A friend’s tweet about his mother’s passing triggered memories of my own. It feels selfish to talk about it, but I’m owning my need to write, so I am writing. I’m also challenging my fear of sharing, so I am sharing.
Mother’s Day does not bother me too much. My mom’s birthday does not either. Even Memorial Day weekend, the anniversary of her passing, doesn’t make me feel any kind of way. Rather it’s random things that make me think about her, feel her, miss her. Sometimes it’s a song, a picture, a saying… today it was a tweet.
Ours was an interesting relationship to say the least. By the time she died we had learned to express our love for each other in productive and traditional ways. We made it through the tumultuous years when I was filled with rage toward her most of the time. Genuine rage, even when I wanted desperately to feel otherwise.
These memories – snapshots of our complicated relationship – these are the things I’m exploring these days. When I mention writing as inquiry, or truth-telling, I’m talking about writing to understand why couldn’t we say I love you to each other. Why did I threaten her with bodily harm? Why did I think horrendous thoughts about her in the dead of night and how did we get past it? Why didn’t I hug or kiss her the times I wanted to? And why did distance, space, time, and indeed my writing, bring us closer?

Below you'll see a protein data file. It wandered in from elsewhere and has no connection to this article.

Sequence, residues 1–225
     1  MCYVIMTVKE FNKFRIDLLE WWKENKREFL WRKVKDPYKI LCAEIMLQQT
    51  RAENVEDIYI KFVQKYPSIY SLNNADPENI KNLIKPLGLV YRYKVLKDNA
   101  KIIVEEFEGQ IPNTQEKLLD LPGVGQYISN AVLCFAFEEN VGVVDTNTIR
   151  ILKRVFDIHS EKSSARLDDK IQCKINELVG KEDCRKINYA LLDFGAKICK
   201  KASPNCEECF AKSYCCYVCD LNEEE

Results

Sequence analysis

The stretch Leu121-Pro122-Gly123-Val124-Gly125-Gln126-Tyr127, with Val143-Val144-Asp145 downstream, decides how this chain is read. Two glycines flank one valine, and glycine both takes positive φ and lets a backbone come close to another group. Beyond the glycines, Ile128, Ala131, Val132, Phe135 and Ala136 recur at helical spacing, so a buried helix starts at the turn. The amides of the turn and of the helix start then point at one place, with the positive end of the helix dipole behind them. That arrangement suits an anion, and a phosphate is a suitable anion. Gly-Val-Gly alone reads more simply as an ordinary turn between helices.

We had a happy ending, but was it luck? Or the lesson I needed to learn in this lifetime? Or?
When the doctor announced she was brain dead, I was immediately grateful for the healing that had taken place between us. I was elated that rather than “stuff” for Mother’s Day just a couple of weeks earlier, I had given her laughter and time and love.
My mother was pretty fabulous in a million ways, but I can’t act as if our past didn’t exist. All of it – the good, the bad, and the truly ugly. On days like today, I swallow the lump in my throat and write, and think, and feel. And I miss her, and I love her and I wonder…